AAA: Gas prices ease slightly
The average U.S. retail price for regular gasoline dropped 2 cents to $2.53 Friday, $1.17 below year-ago prices and $1.58 below the record price of $4.11 set last July. Current gasoline prices are in stark contrast to the then-sky-high prices seen one year ago in the aftermath of Hurricanes Gustav and Ike, which interrupted refining and production. So far this hurricane season, the U.S. has not experienced any disruptions in production.
Crude oil began the week above $72, only to settle more than 8% lower on the week at $66.02 Friday. Oil’s early week rise, in part due to the weak U.S. dollar, was later erased as crude declined in light of weak August U.S. home sales data and high crude inventories fueled doubts about a potential fuel demand recovery.
In its weekly report, the Energy Information Administration said crude stocks rose 2,8 million barrels to 335.6 million barrels, against a forecast for a 1.5 million barrel drawdown, but much larger than the 276,000 barrel build in the American Petroleum Institute’s weekly data. The EIA report also showed gasoline supplies soared 5.4 million barrels to 213.1 million barrels, more than the API’s 3.8 million barrel increase and dwarfing the forecast for a 400,000 barrel rise. Also this week, the EIA report confirmed what analysts’ have suggested, demand is poor. Last week’s gasoline demand was just 8.79 million bpd, down 211,000 barrels from the previous week.
Also this week, the Group of 20 (G20) called its summit this week in Pittsburgh a success. During the meetings, the G20 pledged to keep emergency stimulus supports in place until sustainable recovery is assured, launch a framework for acting together to rebalance economic growth and establish tougher rules governing banks by 2012. The economic leaders also agreed to phase out subsidies for oil and other fossil fuel as part of efforts to combat global warming. Some $300 billion a year is spent worldwide to subsidize fuel prices, boosting demand in many nations by keeping prices artificially low, leading to more emissions.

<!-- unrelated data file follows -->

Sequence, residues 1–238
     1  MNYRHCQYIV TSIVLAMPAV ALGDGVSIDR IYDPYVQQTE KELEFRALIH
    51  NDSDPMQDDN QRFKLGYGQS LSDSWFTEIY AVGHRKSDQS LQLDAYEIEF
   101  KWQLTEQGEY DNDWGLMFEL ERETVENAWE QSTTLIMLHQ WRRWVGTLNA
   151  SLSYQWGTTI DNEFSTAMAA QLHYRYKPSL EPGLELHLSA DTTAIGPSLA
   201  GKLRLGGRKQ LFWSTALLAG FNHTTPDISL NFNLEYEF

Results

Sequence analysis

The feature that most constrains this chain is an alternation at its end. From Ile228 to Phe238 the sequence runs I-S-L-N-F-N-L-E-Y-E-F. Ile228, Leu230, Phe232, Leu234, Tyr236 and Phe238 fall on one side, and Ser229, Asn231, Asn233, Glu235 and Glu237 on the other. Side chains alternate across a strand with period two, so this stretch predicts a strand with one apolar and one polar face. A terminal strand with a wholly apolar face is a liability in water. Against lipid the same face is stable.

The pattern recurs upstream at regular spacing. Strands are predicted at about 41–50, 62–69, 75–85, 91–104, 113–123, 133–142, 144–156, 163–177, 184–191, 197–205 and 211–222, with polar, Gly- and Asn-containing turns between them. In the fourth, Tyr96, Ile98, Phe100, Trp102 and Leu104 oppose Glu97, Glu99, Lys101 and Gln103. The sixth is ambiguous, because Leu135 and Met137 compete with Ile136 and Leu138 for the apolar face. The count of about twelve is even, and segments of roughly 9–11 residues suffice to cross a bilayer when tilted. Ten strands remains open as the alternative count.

“As expected, prices at the pump continue to hover around the $2.50 a gallon mark as we enter a seasonally soft demand period,” said Martha M. Meade, manager of public and government affairs for AAA Mid-Atlantic. “Likewise, crude oil continues to trade within the $60 to $75 range. Coupled with sluggish demand and slow economic recovery, and barring any unforeseen natural or political development, gasoline and crude oil are not expected to move in any meaningful direction as we head into the fourth quarter of 2009.”
As has been the story for all of 2009, oil prices have been driven mostly by the perceived direction of the global economy. Investors know that when economic activity increases so will demand for oil and gasoline. However, while the majority of the leading economic indicators are now heading in a mildly positive direction, there are conflicting opinions on whether or not the economy will grow with any zeal before the second or third quarter of 2010. And with the world’s top two energy consumers (the U.S. and China) facing long term energy demand concerns, prices are likely to remain stable for the remainder of 2009.
On the international front, Nigeria’s foreign minister said a government amnesty in the Niger Delta was working, noting oil output was set to rise as a cease-fire holds.